• Sarah, Vicki and Lazarus on 'The Employables'. (SBS)Source: SBS
Lazarus, Sarah and Vicki tell us about their experiences as candidates on The Employables, and what others can learn from watching the series.
By
Tanya Modini

6 Sep 2018 - 11:43 AM  UPDATED 6 Sep 2018 - 11:43 AM

After staring down the path of relentless knock-backs to employment, The EmployablesLazarus, Sarah and Vicki also have advice for others who might think their employment barriers are insurmountable — there is hope because nothing is impossible.

 

What have you learned about yourself throughout the process of The Employables?

Lazarus: I guess the show taught me that I don’t know everything and I need to ask for help. And I need to then be willing to accept that help when it’s given. It’s one thing to ask for help but it’s another to actually take it on board.

Sarah: What I’ve learnt is to trust in myself, my abilities and most importantly my self-worth. The stigma that comes with being a single mother can be crippling, but throughout the process of The Employables I learnt to never give up and that anything is possible when you try hard enough. 

Vicki: To know my limits. And to realise that business can go in any direction — don’t just focus it on the one area that you’re passionate about, branch out.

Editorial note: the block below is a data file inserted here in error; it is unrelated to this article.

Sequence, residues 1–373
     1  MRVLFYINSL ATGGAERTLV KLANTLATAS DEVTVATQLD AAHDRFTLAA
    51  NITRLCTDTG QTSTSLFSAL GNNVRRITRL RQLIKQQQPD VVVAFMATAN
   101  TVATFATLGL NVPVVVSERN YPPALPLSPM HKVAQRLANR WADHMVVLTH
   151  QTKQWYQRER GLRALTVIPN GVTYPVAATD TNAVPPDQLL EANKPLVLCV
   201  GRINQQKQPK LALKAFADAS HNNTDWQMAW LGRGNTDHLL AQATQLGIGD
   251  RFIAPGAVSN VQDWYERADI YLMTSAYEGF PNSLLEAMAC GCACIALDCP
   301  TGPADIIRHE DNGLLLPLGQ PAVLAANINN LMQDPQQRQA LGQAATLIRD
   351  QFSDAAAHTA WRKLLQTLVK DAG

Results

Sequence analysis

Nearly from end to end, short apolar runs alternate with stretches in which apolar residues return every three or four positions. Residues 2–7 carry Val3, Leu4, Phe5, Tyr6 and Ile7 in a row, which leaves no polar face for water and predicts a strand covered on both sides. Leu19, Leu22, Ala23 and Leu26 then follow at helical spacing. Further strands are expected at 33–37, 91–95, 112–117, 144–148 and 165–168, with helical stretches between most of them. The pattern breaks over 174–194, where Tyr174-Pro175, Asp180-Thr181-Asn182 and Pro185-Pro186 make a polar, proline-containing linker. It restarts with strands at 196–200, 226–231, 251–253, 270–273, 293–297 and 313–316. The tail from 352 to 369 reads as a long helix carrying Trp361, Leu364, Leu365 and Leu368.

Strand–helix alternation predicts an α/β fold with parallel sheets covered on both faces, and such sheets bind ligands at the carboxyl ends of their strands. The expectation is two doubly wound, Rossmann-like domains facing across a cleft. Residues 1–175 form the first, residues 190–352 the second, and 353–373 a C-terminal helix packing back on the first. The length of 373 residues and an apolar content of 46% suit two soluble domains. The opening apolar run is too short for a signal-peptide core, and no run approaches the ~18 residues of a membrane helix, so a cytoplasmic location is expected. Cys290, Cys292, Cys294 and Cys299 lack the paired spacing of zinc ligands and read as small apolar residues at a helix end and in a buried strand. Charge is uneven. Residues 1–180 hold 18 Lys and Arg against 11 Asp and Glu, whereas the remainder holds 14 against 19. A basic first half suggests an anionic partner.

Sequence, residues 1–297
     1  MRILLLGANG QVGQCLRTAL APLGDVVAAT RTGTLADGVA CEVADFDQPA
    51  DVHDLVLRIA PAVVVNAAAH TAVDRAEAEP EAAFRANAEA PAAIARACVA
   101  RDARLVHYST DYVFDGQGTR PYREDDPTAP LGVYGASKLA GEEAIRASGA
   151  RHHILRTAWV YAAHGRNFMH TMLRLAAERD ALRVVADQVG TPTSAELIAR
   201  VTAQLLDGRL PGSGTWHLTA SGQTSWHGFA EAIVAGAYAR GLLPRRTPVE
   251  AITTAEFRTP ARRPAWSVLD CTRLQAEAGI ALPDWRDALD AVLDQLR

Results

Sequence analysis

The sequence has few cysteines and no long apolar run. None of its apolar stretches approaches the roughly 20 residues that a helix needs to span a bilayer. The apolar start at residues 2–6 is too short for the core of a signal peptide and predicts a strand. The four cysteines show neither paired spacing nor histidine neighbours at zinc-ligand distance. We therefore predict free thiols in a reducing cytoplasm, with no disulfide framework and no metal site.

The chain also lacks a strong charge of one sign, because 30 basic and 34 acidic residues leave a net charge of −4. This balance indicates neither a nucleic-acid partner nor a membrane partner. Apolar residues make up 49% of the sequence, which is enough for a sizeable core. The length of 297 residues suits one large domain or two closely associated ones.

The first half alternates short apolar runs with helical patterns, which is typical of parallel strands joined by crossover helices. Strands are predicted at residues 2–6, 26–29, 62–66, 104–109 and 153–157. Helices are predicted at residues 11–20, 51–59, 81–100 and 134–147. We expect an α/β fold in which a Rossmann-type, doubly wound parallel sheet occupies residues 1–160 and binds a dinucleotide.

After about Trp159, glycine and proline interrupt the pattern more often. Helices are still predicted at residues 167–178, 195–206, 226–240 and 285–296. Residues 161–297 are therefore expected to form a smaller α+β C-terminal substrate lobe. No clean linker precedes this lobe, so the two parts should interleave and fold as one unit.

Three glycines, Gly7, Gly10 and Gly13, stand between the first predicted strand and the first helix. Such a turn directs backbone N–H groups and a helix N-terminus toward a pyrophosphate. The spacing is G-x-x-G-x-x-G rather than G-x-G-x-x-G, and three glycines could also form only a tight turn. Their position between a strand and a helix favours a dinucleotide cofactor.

What was the most important thing the mentors taught you?

Lazarus: My time was pretty evenly divided between Creel, Ben and Shammah, but I had the most one on one time with Shammah. That was more personal learning stuff with her, kind of personal growth stuff. All of the mentors offered something different so it wasn’t like it was constantly a repeat of the same thing over and over. They all have their areas of specialty so there is something different you get from each one of them. They all have been amazing, including Michelle Duval who wasn’t really a major player in the actual show. I get from them that they really want to see me succeed.

Sarah: My biggest learning from the mentors was how to think of things differently and break through mental barriers. There are amazing people out there that are able to help when you’re willing to go the extra mile. Mindset is everything and things don’t always go to plan, the mentors were amazing at talking things through and getting you to realise that even failures have value. 

Vicki: What I learned from the feedback I received from the mentors was how to build my weaknesses into strengths, and how important it is to always make yourself look good and professional even if you don’t have anything.